In the history of the human species, few ideas come more naturally to us than the belief that everything is going to hell in a handbasket. Along with pastors, politicians, and social scientists, funeral directors can be heard observing that the world seems to be losing its religion, and that this is probably a bad thing.
Nothing shows the present ruin more vividly than the light of a sacred past.
Perhaps it is ominous, then, that one of the fastest-growing and largest religious segments in the United States today is the group known as the “Nones,” who comprised 2 percent of the population in the 1950s but now make up between 20 and 25 percent, depending on the survey.
The Nones are defined in the American Religious Identification Survey (ARIS) of 2008 as a “nonreligious, irreligious and anti-religious bloc” who answered the identification question with “None” or “No Religion”. Survey respondents could fall into any of the following categories: “None, No religion, Humanistic, Ethical Culture, Agnostic, Atheist, Secular.”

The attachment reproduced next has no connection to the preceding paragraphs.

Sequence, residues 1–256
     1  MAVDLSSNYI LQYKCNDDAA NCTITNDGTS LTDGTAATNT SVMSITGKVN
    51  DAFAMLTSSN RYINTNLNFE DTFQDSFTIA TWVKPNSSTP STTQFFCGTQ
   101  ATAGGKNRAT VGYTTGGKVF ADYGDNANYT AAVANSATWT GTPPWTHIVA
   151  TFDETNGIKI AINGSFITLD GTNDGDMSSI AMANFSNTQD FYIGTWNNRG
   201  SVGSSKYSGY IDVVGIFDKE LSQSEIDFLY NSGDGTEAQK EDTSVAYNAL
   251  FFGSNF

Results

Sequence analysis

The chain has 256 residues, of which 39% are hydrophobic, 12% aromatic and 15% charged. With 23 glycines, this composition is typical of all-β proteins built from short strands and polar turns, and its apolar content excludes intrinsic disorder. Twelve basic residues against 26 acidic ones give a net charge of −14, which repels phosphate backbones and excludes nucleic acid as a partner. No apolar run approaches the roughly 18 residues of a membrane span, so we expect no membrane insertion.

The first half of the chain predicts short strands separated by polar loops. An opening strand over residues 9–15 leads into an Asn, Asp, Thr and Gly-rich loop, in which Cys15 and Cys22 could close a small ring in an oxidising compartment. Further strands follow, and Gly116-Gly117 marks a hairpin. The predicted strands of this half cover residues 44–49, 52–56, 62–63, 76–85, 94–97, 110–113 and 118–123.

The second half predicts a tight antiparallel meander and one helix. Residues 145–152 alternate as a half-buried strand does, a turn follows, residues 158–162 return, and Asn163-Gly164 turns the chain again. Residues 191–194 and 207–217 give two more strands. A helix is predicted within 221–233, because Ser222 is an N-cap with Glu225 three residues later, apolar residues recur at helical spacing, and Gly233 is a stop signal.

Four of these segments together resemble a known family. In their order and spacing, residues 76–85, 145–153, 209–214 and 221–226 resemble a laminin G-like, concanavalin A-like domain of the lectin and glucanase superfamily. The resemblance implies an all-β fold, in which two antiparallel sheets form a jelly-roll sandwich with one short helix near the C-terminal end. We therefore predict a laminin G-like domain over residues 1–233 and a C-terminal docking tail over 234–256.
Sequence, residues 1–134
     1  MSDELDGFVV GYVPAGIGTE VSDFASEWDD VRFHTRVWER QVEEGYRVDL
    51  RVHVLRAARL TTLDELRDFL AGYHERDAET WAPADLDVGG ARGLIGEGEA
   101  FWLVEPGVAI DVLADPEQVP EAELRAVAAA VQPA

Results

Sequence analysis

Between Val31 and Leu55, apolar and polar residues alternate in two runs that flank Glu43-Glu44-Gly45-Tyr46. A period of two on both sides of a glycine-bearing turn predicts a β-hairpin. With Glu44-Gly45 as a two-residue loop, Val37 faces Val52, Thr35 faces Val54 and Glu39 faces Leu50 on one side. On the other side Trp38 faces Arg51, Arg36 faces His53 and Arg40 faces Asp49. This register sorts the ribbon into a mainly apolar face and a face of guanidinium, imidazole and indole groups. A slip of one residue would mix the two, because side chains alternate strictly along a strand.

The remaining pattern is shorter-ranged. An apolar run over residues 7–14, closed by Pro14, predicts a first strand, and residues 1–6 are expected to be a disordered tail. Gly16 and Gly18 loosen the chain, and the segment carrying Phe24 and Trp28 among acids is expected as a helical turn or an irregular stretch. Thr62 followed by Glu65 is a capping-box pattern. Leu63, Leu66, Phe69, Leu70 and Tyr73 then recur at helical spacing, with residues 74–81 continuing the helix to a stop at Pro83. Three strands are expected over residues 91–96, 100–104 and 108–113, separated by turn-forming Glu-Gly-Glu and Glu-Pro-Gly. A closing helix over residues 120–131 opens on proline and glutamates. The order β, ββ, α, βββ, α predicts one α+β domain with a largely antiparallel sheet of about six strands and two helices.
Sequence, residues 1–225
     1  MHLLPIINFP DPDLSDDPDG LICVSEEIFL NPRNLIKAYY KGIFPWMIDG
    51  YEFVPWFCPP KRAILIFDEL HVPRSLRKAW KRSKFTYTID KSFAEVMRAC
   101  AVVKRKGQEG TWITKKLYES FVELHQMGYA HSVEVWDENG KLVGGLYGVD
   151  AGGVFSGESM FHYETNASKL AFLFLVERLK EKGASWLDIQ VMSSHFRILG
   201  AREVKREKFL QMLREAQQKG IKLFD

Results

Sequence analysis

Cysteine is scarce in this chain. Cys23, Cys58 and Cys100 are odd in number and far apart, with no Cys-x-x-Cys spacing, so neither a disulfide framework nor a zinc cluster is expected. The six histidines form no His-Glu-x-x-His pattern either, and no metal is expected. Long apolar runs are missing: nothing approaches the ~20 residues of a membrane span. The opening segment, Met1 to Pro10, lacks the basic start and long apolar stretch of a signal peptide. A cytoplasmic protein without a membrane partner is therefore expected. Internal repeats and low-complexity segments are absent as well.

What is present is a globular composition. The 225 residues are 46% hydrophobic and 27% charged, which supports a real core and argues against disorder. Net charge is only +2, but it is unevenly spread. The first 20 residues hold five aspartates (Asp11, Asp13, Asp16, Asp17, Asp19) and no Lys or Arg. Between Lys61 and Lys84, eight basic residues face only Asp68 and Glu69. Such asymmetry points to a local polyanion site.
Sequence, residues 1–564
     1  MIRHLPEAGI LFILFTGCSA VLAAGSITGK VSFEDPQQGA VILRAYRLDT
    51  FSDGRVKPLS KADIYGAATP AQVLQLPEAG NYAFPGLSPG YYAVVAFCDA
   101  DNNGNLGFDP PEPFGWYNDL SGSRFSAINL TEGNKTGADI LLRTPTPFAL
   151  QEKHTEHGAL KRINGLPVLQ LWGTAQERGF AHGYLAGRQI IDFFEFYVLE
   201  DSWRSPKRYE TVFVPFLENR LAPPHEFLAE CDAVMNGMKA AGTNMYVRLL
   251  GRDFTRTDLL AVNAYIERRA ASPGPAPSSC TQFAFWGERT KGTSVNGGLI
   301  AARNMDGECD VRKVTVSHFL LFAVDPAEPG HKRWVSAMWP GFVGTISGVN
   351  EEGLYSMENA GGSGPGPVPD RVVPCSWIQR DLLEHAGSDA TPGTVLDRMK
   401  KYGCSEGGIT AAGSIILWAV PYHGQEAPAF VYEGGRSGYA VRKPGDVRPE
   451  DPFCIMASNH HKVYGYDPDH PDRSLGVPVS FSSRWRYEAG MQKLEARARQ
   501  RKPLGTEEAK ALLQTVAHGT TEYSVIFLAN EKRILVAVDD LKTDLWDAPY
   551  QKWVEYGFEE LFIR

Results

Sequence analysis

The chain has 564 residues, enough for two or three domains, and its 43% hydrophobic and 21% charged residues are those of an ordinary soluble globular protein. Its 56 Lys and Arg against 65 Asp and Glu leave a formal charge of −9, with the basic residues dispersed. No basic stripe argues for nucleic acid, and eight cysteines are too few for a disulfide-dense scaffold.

Exact percentages of Nones within the U.S. population have varied, but the trend has been similar among all surveys of American religion. Because the Gallup organization has the longest record of tallying such information, I’ve used Gallup results for the past 70 years to create the following graph:
The data raise interesting historical questions, such as what occurred in America in the 1950s to cause such a return to religion, and then what happened in the 25 years after 1992 to cause such a falling off.
For my purposes, the more relevant questions have to do the “Nones” themselves, including what they believe, and what kind of changes they might signal, or even cause, in American funeral practices.
Even more important, both for people who may be buying funerals and those who may be selling them, is the bigger question of what exactly is the relationship between religion—or lack thereof—and funerals. The Nones give us a useful angle for exploring such questions because they will eventually have a direct influence on American funerals when they make the purchases.
Answering these questions will require a series of posts, beginning here, with a brief look at who the Nones are, and where they really are on the “religious” spectrum.
Continue reading The “Nones”: When No Religion Is The New Religion